With eyes recently directed overseas during the chaos of fashion month, our Fashion in the Media class was inspired to explore the differences in American and global fashion media. I choose to focus solely on print publications for this assignment.
I will say, it is hard to sum up global fashion media, and even American media, by just observing a select few publications. Each magazine, writer and publisher has their own voice and takes on news worthy events in their own way. To narrow the spectrum, I focused on Fashion, produced in Canada, and Marie Claire, produced in New York, for their similarity in tones and audience.
Initially, the covers hosted parallel features in their neutral backgrounds, large typography and a well-known celebrity on the cover. In other countries, it is still common to have models on the covers, but it is becoming the norm to feature profit driving celebrities. Although, Fashion does have a cleaner appearance with less typography, keeping the focus on the star.
Their content is also very similar. Each publication informs readers about a variety of topics starting with fashion then continuing on to beauty, feature stories and the arts. One topic that stood out to me in Fashion was their section covering Fashion Careers. I really loved how the magazines voice was not talking down to the reader in a prestigious way but wanted to encourage you like a friend. They talked about trends in a very wearable tone by using images from the runways but were not directly reviewing each show.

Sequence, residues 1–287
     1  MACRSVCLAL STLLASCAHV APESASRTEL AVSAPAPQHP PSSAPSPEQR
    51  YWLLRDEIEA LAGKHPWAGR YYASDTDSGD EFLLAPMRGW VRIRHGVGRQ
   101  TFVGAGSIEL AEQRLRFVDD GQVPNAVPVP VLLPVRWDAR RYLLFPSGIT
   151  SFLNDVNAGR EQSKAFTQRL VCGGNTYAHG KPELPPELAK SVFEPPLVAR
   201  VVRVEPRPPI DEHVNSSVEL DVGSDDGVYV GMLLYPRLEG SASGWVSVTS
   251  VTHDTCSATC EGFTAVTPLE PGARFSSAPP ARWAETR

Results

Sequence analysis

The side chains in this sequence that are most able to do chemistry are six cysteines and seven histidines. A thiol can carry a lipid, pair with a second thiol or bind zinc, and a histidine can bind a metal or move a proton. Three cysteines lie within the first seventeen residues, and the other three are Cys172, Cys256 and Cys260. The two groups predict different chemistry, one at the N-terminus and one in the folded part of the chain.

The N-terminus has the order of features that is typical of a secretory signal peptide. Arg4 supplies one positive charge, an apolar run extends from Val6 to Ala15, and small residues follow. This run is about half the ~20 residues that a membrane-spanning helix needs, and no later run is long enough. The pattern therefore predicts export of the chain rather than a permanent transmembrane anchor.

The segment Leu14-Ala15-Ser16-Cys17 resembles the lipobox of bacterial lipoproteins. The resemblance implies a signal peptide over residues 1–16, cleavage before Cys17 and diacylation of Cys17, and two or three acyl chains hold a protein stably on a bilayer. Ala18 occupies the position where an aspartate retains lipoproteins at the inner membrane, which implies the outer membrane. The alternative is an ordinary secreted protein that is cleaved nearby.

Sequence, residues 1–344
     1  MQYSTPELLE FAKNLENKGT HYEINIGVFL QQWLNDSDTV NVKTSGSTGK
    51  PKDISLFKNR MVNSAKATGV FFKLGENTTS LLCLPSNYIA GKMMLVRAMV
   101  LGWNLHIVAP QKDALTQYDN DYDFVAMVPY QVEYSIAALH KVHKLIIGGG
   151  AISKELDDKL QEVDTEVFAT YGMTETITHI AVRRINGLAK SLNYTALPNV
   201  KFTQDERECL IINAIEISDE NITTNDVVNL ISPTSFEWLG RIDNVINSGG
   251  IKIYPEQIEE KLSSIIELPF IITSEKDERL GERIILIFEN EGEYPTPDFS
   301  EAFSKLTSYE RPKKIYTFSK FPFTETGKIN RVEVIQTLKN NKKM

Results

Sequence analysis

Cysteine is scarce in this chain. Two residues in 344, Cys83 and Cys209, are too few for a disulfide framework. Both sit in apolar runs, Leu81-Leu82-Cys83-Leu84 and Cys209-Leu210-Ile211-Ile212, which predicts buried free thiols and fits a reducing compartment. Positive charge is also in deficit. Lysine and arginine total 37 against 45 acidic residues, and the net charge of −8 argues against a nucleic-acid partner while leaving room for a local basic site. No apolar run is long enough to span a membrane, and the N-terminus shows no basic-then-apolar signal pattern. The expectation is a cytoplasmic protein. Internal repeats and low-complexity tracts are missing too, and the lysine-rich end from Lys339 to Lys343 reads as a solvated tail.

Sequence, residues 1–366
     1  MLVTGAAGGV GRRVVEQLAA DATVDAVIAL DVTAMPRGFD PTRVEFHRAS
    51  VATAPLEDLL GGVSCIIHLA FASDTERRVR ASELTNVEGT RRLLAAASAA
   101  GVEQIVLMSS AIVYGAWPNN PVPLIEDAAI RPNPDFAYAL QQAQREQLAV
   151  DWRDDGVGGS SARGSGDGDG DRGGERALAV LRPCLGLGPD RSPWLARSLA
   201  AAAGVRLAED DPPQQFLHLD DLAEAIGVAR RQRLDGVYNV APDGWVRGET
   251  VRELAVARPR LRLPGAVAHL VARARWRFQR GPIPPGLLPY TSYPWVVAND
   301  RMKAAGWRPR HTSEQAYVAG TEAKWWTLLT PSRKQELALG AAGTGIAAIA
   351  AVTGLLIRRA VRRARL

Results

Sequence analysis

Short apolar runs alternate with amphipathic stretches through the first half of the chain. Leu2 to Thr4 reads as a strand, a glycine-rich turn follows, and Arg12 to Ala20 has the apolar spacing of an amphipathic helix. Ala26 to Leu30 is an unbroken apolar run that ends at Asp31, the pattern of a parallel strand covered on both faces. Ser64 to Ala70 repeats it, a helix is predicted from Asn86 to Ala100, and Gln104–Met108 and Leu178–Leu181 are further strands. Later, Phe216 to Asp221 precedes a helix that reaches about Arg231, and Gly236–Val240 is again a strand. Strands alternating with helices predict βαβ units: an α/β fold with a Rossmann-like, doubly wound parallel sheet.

Where I noticed the most difference was within the imagery and advertising. There was remarkably less advertising throughout Fashion. The ads were not repeated and kept more strictly in the front of the magazine. It was also much more cluttered with the imagery. They tried to filled the entire page with repetitive images versus leaving white space. I understand the importance of taking full advantage of each page, but it’s also important to leave the page clean and visually appealing to the eye.